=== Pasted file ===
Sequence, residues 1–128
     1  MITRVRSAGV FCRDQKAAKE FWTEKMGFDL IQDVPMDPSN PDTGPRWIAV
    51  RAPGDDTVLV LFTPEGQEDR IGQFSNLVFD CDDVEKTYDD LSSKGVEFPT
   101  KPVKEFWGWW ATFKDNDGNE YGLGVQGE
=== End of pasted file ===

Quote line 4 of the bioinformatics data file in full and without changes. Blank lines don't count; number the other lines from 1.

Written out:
   101  KPVKEFWGWW ATFKDNDGNE YGLGVQGE